LOCATED IN MISSOULA MONTANA, Lippert Architecture is known for developing distinctive log and log-integrated designs as well as commercial and residential planning projects. Dennis Lippert also incorporates glass art in his work to achieve unique, timeless design solutions.
With over 35 years experience as a designer, artist and architect, Dennis incorporates cutting edge computer-aided drafting. His design philosophy is: "Appropriate planning with regard to site considerations and conditions." He works closely with craftsmen, builders, clients and engineers to achieve the most efficient craft and design solutions.
His glass art has been used by such diverse clients as the futurists of Lucasfilm and the historians of the Montana State Capitol Building.
He has served on the Missoula Design Review Board since 2010.
Dennis is also a member of the Board of Directors for Wood for Haiti, a non-profit organization that supplies US wood, materials and construction training to Haitians in an effort to build hurricane/earthquake-resistant homes and community centers while stimulating the Montana economy.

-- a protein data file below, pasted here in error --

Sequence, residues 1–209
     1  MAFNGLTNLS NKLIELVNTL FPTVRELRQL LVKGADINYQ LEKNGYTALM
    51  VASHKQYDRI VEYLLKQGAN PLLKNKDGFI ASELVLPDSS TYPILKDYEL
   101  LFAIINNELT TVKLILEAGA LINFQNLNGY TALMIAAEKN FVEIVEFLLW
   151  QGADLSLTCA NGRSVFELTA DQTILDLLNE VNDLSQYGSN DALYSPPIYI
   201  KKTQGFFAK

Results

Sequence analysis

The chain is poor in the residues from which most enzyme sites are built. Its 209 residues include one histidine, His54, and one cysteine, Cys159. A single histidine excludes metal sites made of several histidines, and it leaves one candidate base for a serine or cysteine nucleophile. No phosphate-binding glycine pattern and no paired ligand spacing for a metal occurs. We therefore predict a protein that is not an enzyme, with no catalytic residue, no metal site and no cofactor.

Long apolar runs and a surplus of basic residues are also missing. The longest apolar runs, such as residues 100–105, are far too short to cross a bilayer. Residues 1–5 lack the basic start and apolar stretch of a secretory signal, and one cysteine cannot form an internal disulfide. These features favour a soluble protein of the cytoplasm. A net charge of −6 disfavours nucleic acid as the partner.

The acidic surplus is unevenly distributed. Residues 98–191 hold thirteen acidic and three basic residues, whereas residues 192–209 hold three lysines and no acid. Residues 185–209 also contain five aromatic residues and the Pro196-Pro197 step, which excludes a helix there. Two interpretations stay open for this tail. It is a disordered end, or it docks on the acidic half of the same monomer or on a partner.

Lippert Designs have appeared in Log Home Living, Country's Best Log Homes, Log Homes Illustrated, Big Sky Journal, Montana Designs, The Missoulian, Northwest Air Magazine, Delta Air Magazine and Alaskan Air Magazine.
Historical Holy Trinity celebrates stained glass window
The congregation of Holy Trinity Episcopal Church in Grangeville installed a new stained glass window on September 21, 2011. The window, dedicated to the memory of Grangeville resident Barbara Hansen, was a gift of the Hansen family.
The newly installed window is now the largest stained glass window of the historical church. The Hansen gift is the first new stained glass art added to the church since the creation of the original stained glass windows in 1891.
Missoula architect and nationally-renowned glass artist Dennis Lippert was selected for the project … more
Couple keeping Gibson Mansion in 1903 shape as bed-and-breakfast
It’s not an easy job, making and keeping a 1903 Victorian-style mansion looking like 1903.
Tom and Nancy Malikie have spent the past 11-plus years since they opened the Gibson Mansion Bed and Breakfast on 39th Street warding off and/or mitigating the ravages of time, weather, frat parties, a cross-town move in 1979 and, most recently, a flying elbow.
That’s what damaged the distinctive stained-glass window above the landing on the mansion’s grand staircase a month or so ago.
The Gibson has been booked solid for weekend weddings since late May, Tom Malikie said. On this particular Saturday, the father of the groom pulled on custom-made cowboy boots for the first time … more